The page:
The summary shall contain a warning that:

(a)

it should be read as an introduction to the crypto-asset white paper;

(b)

the prospective holder should base any decision to purchase the asset-referenced token on the content of the crypto-asset white paper as a whole and not on the summary alone;

(c)

the offer to the public of the asset-referenced token does not constitute an offer or solicitation to purchase financial instruments and that any such offer or solicitation can be made only by means of a prospectus or other offer documents pursuant to the applicable national law;

(d)

the crypto-asset white paper does not constitute a prospectus as referred to in Regulation (EU) 2017/1129 or any other offer document pursuant to Union or national law.

The summary shall state that the holders of asset-referenced tokens have a right of redemption at any time, and the conditions for such redemption.

7.   The crypto-asset white paper shall contain the date of its notification and a table of contents.

8.   The crypto-asset white paper shall be drawn up in an official language of the home Member State, or in a language customary in the sphere of international finance.

Where the asset-referenced token is also offered in a Member State other than the issuer’s home Member State, the crypto-asset white paper shall also be drawn up in an official language of the host Member State, or in a language customary in the sphere of international finance.

9.   The crypto-asset white paper shall be made available in a machine-readable format.

10.   ESMA, in cooperation with EBA, shall develop draft implementing technical standards to establish standard forms, formats and templates for the purposes of paragraph 9.

ESMA shall submit the draft implementing technical standards referred to in the first subparagraph to the Commission by 30 June 2024.

Power is conferred on the Commission to adopt the implementing technical standards referred to in the first subparagraph in accordance with Article 15 of Regulation (EU) No 1095/2010.

11.   ESMA, in cooperation with EBA, shall develop draft regulatory technical standards on the content, methodologies and presentation of information referred to in paragraph 1, first subparagraph, point (h), in respect of the sustainability indicators in relation to adverse impacts on the climate and other environment‐related adverse impacts.

When developing the draft regulatory technical standards referred to in the first subparagraph, ESMA shall consider the various types of consensus mechanisms used to validate transactions in crypto-assets, their incentive structures and the use of energy, renewable energy and natural resources, the production of waste and greenhouse gas emissions. ESMA shall update those regulatory technical standards in the light of regulatory and technological developments.

ESMA shall submit the draft regulatory technical standards referred to in the first subparagraph to the Commission by 30 June 2024.

Power is delegated to the Commission to supplement this Regulation by adopting the regulatory technical standards referred to in the first subparagraph of this paragraph in accordance with Articles 10 to 14 of Regulation (EU) No 1095/2010.

Article 20

Assessment of the application for authorisation

1.   Competent authorities receiving an application for authorisation as referred to in Article 18 shall, within 25 working days of receipt of such application, assess whether that application, including the crypto-asset white paper referred to in Article 19, comprises all of the required information. They shall immediately notify the applicant issuer whether the application, including the crypto-asset white paper, is missing required information. Where the application, including the crypto-asset white paper, is not complete, competent authorities shall set a deadline by which the applicant issuer is to provide any missing information.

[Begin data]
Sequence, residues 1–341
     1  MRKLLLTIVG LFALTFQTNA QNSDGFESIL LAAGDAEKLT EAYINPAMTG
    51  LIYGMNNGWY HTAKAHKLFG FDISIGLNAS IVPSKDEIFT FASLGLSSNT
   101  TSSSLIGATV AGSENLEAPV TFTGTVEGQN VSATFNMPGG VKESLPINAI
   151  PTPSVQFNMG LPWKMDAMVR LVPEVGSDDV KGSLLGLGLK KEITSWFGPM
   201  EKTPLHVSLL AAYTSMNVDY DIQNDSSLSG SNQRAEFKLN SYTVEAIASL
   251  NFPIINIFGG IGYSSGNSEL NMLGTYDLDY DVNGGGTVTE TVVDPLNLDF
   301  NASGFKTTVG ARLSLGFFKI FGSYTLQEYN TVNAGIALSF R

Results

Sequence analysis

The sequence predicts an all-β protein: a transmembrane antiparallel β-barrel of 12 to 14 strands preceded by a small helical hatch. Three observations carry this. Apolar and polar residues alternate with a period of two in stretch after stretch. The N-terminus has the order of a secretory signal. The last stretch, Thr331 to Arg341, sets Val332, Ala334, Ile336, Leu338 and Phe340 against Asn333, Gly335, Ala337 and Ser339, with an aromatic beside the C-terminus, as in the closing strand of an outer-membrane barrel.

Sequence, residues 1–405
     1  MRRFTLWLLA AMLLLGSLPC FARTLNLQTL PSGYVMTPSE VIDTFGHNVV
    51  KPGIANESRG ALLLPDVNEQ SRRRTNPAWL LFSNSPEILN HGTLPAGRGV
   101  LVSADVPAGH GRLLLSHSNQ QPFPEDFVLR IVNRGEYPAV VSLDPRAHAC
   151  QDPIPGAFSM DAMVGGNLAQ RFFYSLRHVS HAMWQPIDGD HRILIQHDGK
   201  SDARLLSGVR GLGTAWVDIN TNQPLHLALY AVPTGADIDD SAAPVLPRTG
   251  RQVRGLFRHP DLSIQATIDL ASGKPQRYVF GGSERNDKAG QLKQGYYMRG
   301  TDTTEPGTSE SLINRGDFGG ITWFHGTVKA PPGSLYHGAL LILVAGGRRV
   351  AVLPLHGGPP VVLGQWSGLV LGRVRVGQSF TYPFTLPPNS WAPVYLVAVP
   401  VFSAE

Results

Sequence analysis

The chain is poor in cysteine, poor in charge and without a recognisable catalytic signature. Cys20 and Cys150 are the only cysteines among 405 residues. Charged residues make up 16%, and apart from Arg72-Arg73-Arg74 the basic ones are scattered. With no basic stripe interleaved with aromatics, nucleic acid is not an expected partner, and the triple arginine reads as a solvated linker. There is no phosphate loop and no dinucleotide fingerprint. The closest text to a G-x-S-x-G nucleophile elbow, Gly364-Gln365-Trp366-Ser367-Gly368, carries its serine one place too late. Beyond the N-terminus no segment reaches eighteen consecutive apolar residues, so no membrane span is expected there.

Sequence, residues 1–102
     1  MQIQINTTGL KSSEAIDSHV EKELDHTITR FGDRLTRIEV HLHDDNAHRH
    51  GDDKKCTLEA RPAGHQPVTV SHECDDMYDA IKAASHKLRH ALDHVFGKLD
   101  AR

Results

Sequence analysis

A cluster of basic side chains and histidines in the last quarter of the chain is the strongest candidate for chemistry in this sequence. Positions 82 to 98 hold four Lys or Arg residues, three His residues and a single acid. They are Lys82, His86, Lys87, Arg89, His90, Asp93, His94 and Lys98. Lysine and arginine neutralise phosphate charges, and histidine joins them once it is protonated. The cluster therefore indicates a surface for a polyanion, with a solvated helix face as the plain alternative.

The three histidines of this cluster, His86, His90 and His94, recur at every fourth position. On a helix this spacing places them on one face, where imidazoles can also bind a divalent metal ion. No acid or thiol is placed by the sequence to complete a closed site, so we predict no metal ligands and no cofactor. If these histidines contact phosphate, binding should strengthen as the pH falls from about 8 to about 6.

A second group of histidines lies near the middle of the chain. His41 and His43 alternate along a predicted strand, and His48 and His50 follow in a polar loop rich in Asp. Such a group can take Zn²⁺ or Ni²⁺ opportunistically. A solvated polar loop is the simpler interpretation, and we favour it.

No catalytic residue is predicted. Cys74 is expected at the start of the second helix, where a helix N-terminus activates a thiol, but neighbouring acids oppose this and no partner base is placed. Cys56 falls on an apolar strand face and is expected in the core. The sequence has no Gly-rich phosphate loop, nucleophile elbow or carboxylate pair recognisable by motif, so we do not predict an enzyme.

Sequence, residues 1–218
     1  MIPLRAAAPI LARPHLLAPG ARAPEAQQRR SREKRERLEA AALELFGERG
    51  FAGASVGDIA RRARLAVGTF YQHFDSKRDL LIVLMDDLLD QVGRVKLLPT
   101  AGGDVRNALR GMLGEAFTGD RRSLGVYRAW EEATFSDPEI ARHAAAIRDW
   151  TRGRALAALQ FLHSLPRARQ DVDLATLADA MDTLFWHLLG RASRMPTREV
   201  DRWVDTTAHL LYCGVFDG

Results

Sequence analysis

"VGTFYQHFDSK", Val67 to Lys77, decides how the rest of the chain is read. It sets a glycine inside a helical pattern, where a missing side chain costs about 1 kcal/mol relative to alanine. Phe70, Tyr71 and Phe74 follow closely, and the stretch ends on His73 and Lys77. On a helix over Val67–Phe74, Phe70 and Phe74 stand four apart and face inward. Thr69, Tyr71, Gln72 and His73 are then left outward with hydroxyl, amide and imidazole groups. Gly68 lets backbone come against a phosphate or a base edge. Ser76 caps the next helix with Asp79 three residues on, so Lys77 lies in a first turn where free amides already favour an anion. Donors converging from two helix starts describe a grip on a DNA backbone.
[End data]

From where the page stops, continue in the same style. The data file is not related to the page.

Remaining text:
2.   Competent authorities shall, within 60 working days of receipt of a complete application, assess whether the applicant issuer complies with the requirements of this Title and take a fully reasoned draft decision granting or refusing authorisation. Within those 60 working days, competent authorities may request from the applicant issuer any information on the application, including on the crypto-asset white paper referred in Article 19.

During the assessment process, competent authorities may cooperate with competent authorities for anti-money laundering and counter-terrorist financing, financial intelligence units or other public bodies.

3.   The assessment period under paragraphs 1 and 2 shall be suspended for the period between the date of request for missing information by the competent authorities and the receipt by them of a response thereto from the applicant issuer. The suspension shall not exceed 20 working days. Any further requests by the competent authorities for completion or clarification of the information shall be at their discretion but shall not result in a suspension of the assessment period under paragraphs 1 and 2.

4.   Competent authorities shall, after the period of 60 working days referred to in paragraph 2, transmit their draft decision and the application to EBA, ESMA and the ECB. Where the applicant issuer is established in a Member State whose official currency is not the euro, or where an official currency of a Member State that is not the euro is referenced by the asset-referenced token, the competent authorities shall transmit their draft decision and the application also to the central bank of that Member State.